2008 Winter Commencement
December 14, 2008
Congratulations to all of you who entered the arena today as students and who will leave as alumni of the University of Michigan!
For our graduates, this is one of the most notable moments in lives that I know will be rich with extraordinary milestones. But it is just as special a day for your families, who prepared you, encouraged you, and supported you throughout your academic career.
Let’s take a moment to thank these families – the parents and grandparents, brothers, sisters and spouses who gave our university community such wonderful students. Graduates, surely there were times you felt alone in your college career, but you always had your family and friends. Please stand and join me in giving them the ovation they deserve.
Graduates, you leave here with a University of Michigan education, one that has emphasized not only knowledge, but also collaboration, creativity, and the value of thoughtfully examining problems to develop solutions.
Our world has never needed these skills more.
I have been a university president for 13 years and have had the privilege to address thousands of graduates. But I have never sent them into a world as challenged as the climate you are entering.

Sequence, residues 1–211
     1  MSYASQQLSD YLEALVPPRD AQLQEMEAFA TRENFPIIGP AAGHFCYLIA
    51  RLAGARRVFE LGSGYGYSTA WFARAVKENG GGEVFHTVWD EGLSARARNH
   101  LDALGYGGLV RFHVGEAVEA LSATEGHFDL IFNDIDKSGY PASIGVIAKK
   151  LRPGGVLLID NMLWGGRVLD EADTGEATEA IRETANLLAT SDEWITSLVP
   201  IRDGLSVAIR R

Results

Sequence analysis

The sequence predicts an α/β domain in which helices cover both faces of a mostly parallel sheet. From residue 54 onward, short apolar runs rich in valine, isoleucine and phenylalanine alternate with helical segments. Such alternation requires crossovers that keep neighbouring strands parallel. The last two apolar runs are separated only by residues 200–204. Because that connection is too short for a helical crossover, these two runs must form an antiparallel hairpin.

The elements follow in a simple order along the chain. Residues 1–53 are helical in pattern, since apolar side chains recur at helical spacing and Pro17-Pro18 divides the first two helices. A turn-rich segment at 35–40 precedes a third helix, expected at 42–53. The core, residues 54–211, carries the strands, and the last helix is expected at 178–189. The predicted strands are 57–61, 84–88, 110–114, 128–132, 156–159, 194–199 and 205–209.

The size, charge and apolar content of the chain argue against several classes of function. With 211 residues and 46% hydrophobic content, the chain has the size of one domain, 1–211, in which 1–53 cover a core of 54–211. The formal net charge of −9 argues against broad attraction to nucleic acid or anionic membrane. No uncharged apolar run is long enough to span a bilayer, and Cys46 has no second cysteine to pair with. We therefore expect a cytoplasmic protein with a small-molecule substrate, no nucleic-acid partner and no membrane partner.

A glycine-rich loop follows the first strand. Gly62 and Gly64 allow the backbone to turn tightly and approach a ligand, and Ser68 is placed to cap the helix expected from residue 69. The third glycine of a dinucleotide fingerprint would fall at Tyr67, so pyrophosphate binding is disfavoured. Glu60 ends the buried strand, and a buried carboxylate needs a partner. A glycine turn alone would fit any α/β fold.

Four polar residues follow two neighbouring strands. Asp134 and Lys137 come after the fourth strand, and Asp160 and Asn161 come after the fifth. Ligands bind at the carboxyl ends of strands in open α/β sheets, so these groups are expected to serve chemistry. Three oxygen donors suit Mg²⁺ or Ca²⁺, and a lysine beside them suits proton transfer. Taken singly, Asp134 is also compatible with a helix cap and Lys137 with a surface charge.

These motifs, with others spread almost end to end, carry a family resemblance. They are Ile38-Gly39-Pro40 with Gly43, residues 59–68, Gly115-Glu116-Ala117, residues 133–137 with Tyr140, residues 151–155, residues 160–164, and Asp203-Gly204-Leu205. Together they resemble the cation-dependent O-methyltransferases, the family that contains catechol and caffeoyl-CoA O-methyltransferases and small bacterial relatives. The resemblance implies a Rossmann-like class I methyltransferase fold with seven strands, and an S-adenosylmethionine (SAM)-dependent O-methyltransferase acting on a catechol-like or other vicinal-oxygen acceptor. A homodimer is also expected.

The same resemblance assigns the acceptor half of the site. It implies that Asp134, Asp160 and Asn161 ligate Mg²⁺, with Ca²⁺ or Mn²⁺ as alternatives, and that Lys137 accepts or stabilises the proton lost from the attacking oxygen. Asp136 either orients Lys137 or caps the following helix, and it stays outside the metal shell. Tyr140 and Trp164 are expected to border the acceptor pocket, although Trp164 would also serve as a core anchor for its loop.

We all know the headlines: The economy is fragile, the auto industry is bleeding, foreclosures are up, and the job market is down. And yet I have never felt more encouraged about the quality and potential of our graduates to meet these challenges. Because there are equally strong headlines that tell a more positive story, about you and your classmates and the fact that you have the spirit we need to move forward as a community, a state, and a nation.
This character of yours was abundantly on display last month on election night, when hundreds of students filled the streets and swarmed the Diag to celebrate the election of our next president. It was spontaneous, it was momentous, and I’m certain some of you were part of the outpouring. I know you stopped by my house so I could join you and, sadly, I was out of town. But my husband appreciated the visitors – first at 11:30 and, again, at 1:30 in the morning!
Yours was a heartfelt, historic display of enthusiasm that tells me you are hungry to make a difference in our world.
The opportunities that await you are both fascinating and daunting. What cures does stem cell research hold? How quickly can we develop new energy technologies that move us away from foreign oil? Who has the best ideas for revitalizing our public school systems? The potential of biomedicine, the immediacy of global communications, the power and precision of new technologies – all will transform our approach to health, the arts, and public policy. But only with creative thinkers like yourselves leading that transformation.
And you will lead, because you will bring a fresh perspective to the challenges we face. This entrepreneurial spirit showed its power this past semester with a competition we called 1,000 Pitches. This was a campus-wide initiative to generate 1,000 new business proposals from students like you who are eager to share your ideas and discoveries.